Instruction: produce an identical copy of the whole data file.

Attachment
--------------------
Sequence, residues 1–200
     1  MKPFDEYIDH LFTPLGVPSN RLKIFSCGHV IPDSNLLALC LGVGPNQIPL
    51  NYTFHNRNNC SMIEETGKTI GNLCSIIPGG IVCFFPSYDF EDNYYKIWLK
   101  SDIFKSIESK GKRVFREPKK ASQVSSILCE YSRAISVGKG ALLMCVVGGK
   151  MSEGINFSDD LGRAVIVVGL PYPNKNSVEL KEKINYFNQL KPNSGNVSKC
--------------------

Sequence, residues 1–200
     1  MKPFDEYIDH LFTPLGVPSN RLKIFSCGHV IPDSNLLALC LGVGPNQIPL
    51  NYTFHNRNNC SMIEETGKTI GNLCSIIPGG IVCFFPSYDF EDNYYKIWLK
   101  SDIFKSIESK GKRVFREPKK ASQVSSILCE YSRAISVGKG ALLMCVVGGK
   151  MSEGINFSDD LGRAVIVVGL PYPNKNSVEL KEKINYFNQL KPNSGNVSKC